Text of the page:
As more people go to full-time RVing, interest in four-season RVs has increased. Even seasonal RVers may have an interest in a four-season RV if they head north or west to see relatives or enjoy snow around the December-January holidays, or if they stay in areas with extreme heat.
There are no standards for four-season RVs, and no legal definition, but common sense dictates certain inclusions. Here are some considerations.
Let’s get a common misconception out of the way.
Many folks, especially first-time RV buyers, think an RV built to “Canadian Standards” is better equipped to handle winters. Some people even buy an RV based on that assumption.
Fact: Canadian Standards and winter-readiness have nothing to do with each other. Canadian Standards, or CSA, are a set of electrical and mechanical-systems standards that some manufacturers voluntarily adhere to. By and large, an RV built to Canadian Standards is built to the same weatherproofing levels as other RVs.
In the broadest sense, a four-seasons RV is a camper that can protect its occupants and equipment from the harshest seasonal effects: from extreme heat in summer and from harsh cold in winter. Four-season RVs tend to be more expensive—and heavier. Many are bigger models.
Beware descriptions that lack specifics. If a maker says a camper is “certified” four seasons, how so? Who certifies that it is? What is required for this “certification”? If a sales person says the RV is winterized, what does that mean? He may mean merely that there’s antifreeze in the water system to allow for winter storage—meaningless in the four-seasons livability sense. It’s your money. If it’s “Alaska Ready,” what does that really mean? Demand specifics.
In practical terms, here are characteristics a four-seasons RV would have, whether a motorhome, travel trailer or fifth wheel:
Better insulation results in two things: Heating and cooling with lower energy requirements, and more comfort in extreme weather.
The higher the R-value, the better, but finding a dealer who can tell you an RV’s R-value isn’t easy. Most RVs have walls with fiberglass batt insulation rated between R-6 and R-9. A Four-season RV ideally would have walls rated R-11 or higher.
More important are floor and ceiling R-values, probably via fiberglass bolstered by foam. In floors, look for R-21 or more, with values up to about R-36. Slide-out floors should be about R-15.
Ceilings are likely at least R-18, ranging into the upper R-30s.
Find out about construction. Foil radiant barriers do little good without an air space between them and the insulation. Also make sure insulation is adequate on surfaces that meet storage areas. Poorly insulated adjacent walls will transfer cold.
Sad to say, but take notes and try to verify a salesman’s claims. It’s easy to say “high R-value.” That’s an opinion, not a specification. How high? Consult product literature, although it often is just as vague, or call the manufacturer’s customer service line.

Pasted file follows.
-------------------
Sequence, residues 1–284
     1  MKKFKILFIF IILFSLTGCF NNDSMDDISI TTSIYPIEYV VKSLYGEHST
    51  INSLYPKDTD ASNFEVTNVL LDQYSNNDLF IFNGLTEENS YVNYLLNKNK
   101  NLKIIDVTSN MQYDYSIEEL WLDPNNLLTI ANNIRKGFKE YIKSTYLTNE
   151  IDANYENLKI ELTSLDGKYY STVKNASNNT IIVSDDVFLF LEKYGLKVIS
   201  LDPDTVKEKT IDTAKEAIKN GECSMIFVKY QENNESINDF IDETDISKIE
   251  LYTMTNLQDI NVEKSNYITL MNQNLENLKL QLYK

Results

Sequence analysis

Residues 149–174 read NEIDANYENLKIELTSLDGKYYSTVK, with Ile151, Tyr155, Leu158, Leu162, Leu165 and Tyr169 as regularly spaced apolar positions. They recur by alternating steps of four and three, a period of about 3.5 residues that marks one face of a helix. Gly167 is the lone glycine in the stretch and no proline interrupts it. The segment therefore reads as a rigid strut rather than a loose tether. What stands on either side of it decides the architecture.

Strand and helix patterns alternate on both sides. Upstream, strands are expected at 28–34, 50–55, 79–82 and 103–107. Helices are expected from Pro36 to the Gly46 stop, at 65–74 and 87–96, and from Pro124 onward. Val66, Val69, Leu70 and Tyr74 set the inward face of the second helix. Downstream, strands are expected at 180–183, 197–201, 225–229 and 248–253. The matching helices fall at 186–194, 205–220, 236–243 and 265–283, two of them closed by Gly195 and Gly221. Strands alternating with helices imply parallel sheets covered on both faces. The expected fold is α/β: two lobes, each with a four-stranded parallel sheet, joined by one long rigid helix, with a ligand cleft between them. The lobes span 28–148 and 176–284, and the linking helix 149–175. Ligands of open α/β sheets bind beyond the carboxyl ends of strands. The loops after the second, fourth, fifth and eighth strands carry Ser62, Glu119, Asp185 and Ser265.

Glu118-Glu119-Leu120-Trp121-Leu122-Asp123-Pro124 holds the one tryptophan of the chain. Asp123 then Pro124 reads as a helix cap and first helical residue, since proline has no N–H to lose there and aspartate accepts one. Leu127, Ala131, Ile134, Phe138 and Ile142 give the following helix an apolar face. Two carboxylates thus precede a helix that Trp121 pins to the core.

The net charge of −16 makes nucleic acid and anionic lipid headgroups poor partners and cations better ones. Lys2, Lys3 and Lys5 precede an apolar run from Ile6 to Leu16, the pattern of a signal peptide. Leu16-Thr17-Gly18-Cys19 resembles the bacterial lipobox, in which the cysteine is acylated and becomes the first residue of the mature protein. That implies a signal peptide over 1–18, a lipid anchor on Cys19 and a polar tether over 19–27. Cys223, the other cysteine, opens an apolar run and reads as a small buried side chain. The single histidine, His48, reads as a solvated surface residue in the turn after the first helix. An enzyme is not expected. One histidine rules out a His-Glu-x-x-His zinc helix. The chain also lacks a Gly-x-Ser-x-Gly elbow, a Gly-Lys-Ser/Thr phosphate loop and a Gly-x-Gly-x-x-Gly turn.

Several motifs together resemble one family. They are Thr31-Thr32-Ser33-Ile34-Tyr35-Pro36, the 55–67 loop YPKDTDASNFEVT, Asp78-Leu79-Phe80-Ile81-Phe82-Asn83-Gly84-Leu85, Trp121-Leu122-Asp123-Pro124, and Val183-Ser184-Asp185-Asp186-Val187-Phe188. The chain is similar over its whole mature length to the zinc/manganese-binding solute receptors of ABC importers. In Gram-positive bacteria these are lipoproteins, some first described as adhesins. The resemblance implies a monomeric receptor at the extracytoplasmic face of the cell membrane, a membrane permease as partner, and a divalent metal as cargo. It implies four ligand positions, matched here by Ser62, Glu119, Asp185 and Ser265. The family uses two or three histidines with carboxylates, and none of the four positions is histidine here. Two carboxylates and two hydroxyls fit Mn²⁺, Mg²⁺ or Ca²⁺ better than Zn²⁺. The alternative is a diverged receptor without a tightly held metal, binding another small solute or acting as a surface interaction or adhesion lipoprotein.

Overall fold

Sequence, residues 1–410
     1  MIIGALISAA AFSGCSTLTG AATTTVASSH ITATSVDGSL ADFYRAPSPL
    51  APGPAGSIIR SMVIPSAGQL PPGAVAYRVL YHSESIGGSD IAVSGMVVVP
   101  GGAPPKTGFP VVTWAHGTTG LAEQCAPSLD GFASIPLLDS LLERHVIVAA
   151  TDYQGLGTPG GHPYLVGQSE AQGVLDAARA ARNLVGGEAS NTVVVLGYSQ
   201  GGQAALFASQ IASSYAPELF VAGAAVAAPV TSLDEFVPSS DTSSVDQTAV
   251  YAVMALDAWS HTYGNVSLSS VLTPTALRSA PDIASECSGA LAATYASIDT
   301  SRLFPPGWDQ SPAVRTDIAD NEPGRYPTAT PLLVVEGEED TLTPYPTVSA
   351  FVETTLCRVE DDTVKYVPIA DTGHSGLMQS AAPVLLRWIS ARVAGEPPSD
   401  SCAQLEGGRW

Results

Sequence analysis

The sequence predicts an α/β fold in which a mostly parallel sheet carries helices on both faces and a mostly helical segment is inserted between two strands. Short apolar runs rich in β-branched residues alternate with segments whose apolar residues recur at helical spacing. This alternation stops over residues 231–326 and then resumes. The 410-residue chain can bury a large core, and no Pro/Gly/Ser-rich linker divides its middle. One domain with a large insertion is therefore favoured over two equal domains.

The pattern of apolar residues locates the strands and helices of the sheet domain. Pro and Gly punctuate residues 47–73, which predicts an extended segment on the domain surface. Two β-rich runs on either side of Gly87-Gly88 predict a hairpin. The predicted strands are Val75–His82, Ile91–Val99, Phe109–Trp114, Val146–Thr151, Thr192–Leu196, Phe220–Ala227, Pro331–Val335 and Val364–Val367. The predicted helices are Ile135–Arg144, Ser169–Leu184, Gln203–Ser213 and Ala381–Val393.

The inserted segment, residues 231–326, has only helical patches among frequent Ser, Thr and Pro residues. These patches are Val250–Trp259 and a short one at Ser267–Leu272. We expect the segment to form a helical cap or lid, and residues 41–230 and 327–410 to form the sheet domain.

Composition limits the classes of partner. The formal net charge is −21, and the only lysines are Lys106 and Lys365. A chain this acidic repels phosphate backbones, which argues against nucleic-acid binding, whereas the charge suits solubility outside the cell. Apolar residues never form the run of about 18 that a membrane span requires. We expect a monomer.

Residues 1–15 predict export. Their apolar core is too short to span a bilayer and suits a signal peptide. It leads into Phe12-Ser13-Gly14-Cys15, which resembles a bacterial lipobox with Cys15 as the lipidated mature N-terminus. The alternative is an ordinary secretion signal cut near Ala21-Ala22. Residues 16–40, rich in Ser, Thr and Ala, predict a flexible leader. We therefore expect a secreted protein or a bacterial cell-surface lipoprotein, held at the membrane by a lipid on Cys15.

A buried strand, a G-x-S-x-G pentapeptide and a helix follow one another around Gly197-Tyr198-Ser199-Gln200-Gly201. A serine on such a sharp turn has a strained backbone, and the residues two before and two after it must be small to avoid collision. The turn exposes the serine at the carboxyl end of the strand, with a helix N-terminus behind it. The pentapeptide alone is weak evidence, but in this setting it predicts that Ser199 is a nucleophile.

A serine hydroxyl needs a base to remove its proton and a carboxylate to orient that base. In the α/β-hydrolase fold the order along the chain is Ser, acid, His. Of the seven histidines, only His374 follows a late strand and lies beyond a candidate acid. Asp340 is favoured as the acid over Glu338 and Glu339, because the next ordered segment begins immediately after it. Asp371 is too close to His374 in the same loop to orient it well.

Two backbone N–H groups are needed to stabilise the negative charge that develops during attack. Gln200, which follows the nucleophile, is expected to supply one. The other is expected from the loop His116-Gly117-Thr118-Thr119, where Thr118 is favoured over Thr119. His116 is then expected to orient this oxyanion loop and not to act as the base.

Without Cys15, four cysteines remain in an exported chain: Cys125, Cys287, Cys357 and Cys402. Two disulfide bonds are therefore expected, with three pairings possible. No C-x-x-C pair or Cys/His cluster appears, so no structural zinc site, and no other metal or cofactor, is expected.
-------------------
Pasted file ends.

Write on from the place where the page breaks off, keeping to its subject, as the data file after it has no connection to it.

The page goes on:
RVs have gaps—around windows, vents, exterior doors and wires, and in corners. Wires inside cabinets and coming in from storage areas don’t fill the holes that provide passage. Look to see if the holes are filled with insulation. If they’re not, the RV will leak a lot of energy.
Windows present a problem that’s tough to solve. Glass, at a typical R-1 per pane, just doesn’t block temperature transfer as well as an insulated wall. Double panes will do a bit better with the space between panes. The best attribute of double-pane windows is that they reduce or prevent interior-surface window condensation.
Low-emissivity glass, which reflects heat toward the warmer side of the window, helps in winter and summer. Insulated curtains help a bit, but the best thing is probably to cover windows with reflective foil during extreme weather to reflect cold temps out and warm temps in. It’s a DIY job involving Velcro and reflective foil. The downside: Your RV will be darker.
A heater needs to be at least 30,000 BTUs; bigger spaces will need even more. An undersized heater on a thermostat will run non-stop if the weather is cold enough. You may need to supplement with a propane fireplace or heater. The downside of the propane is higher humidity levels, so you may want to add a dehumidifier.
Pex plumbing lines are somewhat flexible if the fresh water inside them freezes, but the key is keeping them from freezing in the first place.
A heated, insulated enclosure beneath the rig keeps water and waste lines, tanks and dump lines from freezing. At the very least, lines should be sheathed in foam insulation.
Roof vents, like windows, are a major escape route for cooled air in summer and heated air in winter, even if the vents are closed. First, think carefully about how many vents you really need. The more you have, the less your RV—in any price range—will be sealed against energy loss. (The catch: More roof vent fans will help cool without air-conditioning in summer, using far less power than an air-conditioning unit.)
Make sure gaps around vents are filled with insulation or sealant. Insulating the vent openings themselves is an easy DIY job. All you need is a vent insulator that fits into the standard 14-inch roof vent opening. These pillow-like insulators typically have heat-reflective top and bottom surfaces. For about $10, it’s one of the most cost-effective insulating steps you can take.
Here are some 4-season RVs to give you an idea of what’s available. As you read these sites, you’ll notice that even some home pages and product brochures use ambiguous, non-specific descriptions of insulation.